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Laurel and Hardy never looked so good: film fest unveils restorations of comedy classics




Screen grab from side-by-side comparison of restoration of
Screen grab from side-by-side comparison of restoration of "Their First Mistake"

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This weekend, the American Cinematheque is celebrating the masterful restoration of seminal comedy films.

The series, called "Another Nice Mess: The Restored Laurel and Hardy," screens a dozen shorts and two features, all restored from the original nitrate elements and cleaned digitally.

Side-by-side restoration comparison: "Their First Mistake"
 

It's the work of archivist Jeff Joseph, the UCLA Film and Television Archive and the Library of Congress, which required painstaking reconstructions from elements found in diverse archives. You can read all about the restoration process here.

Oliver Hardy and Stan Laurel
Oliver Hardy and Stan Laurel
Hal Roach Productions

Stan Laurel and Oliver Hardy pair made 107 films together between 1927 and 1950 and have inspired countless performers, including actor and comedian Mike McShane.

To McShane, best known for appearing in the British "Whose Line is it Anyway?," watching the duo is like getting an improv masters class: "They speak to me because of their specificity in movement and their handoff. Complimenting each other, making the other person look good, taking the backseat when you need to and then taking the front seat when you have to. That exchange keeps a duality in a performance relationship fresh."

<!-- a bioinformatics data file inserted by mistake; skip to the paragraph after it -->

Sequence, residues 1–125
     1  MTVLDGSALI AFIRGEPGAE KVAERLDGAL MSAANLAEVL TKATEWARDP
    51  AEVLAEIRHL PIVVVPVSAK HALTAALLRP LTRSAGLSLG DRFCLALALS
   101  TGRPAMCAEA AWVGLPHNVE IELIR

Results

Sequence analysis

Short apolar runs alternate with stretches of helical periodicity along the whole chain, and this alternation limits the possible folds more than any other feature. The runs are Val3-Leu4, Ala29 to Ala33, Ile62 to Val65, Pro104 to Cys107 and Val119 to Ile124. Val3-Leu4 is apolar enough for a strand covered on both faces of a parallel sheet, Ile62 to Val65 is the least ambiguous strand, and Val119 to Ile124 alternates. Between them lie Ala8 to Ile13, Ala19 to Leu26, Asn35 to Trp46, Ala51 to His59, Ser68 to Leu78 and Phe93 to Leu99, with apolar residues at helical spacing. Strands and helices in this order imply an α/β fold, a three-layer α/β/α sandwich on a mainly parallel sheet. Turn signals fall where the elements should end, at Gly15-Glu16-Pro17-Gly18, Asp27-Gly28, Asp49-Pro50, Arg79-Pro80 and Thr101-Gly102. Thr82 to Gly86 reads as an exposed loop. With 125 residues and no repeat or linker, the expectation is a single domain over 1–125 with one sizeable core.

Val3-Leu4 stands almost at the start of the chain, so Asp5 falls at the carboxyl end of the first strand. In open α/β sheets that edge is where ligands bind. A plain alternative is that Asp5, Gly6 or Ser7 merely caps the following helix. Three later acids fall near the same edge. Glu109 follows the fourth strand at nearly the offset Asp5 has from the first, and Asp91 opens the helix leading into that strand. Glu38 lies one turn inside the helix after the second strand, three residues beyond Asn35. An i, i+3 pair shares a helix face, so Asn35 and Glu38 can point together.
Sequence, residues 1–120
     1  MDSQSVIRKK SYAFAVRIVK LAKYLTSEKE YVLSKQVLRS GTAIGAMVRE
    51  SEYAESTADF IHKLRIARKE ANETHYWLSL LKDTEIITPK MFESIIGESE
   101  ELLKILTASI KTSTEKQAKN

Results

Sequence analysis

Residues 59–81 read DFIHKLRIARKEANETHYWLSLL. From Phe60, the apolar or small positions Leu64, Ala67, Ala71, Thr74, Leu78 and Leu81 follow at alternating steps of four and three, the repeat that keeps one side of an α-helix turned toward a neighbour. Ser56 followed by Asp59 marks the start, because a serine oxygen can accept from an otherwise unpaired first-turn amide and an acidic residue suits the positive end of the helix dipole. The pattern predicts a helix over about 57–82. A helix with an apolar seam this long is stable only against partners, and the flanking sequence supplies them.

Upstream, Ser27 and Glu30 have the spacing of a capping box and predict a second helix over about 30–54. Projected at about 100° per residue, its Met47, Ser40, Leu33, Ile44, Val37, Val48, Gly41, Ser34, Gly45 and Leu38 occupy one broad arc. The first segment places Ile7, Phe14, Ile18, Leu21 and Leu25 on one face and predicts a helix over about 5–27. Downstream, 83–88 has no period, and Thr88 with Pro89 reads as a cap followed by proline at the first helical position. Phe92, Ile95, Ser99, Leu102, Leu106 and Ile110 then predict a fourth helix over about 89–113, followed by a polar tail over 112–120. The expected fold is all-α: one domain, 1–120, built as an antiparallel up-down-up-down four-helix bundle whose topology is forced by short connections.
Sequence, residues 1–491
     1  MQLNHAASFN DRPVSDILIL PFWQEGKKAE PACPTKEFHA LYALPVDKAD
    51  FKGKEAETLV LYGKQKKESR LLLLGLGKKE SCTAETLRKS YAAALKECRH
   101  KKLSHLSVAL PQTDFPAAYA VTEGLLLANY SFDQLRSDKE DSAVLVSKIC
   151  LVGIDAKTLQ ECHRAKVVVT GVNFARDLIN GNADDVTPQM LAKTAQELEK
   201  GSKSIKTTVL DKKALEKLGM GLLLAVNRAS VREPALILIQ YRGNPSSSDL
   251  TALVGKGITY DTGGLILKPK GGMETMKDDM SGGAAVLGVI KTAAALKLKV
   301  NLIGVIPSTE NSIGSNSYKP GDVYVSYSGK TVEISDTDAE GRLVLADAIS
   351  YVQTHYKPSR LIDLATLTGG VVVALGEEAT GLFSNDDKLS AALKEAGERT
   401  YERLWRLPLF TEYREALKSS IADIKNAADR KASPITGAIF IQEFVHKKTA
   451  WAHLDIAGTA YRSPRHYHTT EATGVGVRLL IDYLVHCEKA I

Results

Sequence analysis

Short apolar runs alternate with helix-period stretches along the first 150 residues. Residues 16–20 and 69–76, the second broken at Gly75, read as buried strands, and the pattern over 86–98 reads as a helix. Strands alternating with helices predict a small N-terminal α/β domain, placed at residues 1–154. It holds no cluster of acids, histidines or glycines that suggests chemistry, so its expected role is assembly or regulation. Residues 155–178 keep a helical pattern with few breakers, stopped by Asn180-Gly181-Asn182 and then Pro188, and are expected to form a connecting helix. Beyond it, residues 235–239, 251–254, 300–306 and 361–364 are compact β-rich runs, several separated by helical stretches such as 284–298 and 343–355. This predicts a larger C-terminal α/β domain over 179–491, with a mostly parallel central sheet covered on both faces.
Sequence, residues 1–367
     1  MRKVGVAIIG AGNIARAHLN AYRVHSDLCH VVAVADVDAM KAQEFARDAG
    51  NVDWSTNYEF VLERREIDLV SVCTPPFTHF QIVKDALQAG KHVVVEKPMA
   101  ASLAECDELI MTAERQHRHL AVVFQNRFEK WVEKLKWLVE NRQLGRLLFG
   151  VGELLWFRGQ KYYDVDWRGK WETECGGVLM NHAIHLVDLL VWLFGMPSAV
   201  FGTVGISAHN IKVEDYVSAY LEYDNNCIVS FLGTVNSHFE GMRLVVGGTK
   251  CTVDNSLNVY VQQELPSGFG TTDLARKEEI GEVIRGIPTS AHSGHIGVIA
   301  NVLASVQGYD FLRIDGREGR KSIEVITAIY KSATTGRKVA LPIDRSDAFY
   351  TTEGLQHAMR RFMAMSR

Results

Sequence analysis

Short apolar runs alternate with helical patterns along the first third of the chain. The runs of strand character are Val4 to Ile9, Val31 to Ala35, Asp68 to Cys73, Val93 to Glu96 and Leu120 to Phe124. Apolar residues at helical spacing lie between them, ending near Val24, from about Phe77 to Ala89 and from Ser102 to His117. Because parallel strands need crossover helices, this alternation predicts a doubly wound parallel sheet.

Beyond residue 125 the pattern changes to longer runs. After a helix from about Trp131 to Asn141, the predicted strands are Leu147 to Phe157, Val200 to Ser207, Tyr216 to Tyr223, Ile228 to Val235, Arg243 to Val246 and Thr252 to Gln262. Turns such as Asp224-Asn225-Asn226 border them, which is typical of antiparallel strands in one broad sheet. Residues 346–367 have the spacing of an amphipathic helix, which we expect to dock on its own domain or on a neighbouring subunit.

I met McShane in Silver Lake...

KPCC's John Rabe and actor/improvisor Mike McShane, at the famous Music Box Stairs in Silverlake, where Laurel and Hardy filmed their Oscar winning short in 1932.
KPCC's John Rabe and actor/improvisor Mike McShane, at the famous Music Box Stairs in Silverlake, where Laurel and Hardy filmed their Oscar winning short in 1932.
John Rabe

... on the spot where Laurel and Hardy filmed one of the shorts being screened this weekend, "The Music Box."

A scene from
A scene from "The Music Box," starring Laurel and Hardy, filmed in Silverlake.
Hal Roach Studios

In "The Music Box," Laurel and Hardy are workmen facing a ridiculous task: Dragging a full-size piano up an endless flight of stairs. McShane says the bit has all the duo's hallmarks: "Diversion, collapse, mayhem, disappointment, anger, recrimination and just laugh-out-loud slapstick physical comedy."

Laurel and Hardy hold up when other comedy from the same era often doesn't, because their work compresses the entirety of human suffering into a few reels of black and white film. "The Music Box," McShane says,  "is Sisyphean in its scope. That's why Samuel Beckett was a huge fan of Laurel and Hardy.  It's existential candy."

Or you can just sit back and laugh.

"Another Nice Mess: The Restored Laurel and Hardy" runs Friday, May 6 through Sunday, May 8 at the American Cinematheque's Aero and Egyptian Theatres in Santa Monica and Hollywood. "The Music Box" screens Friday night at the Egyptian.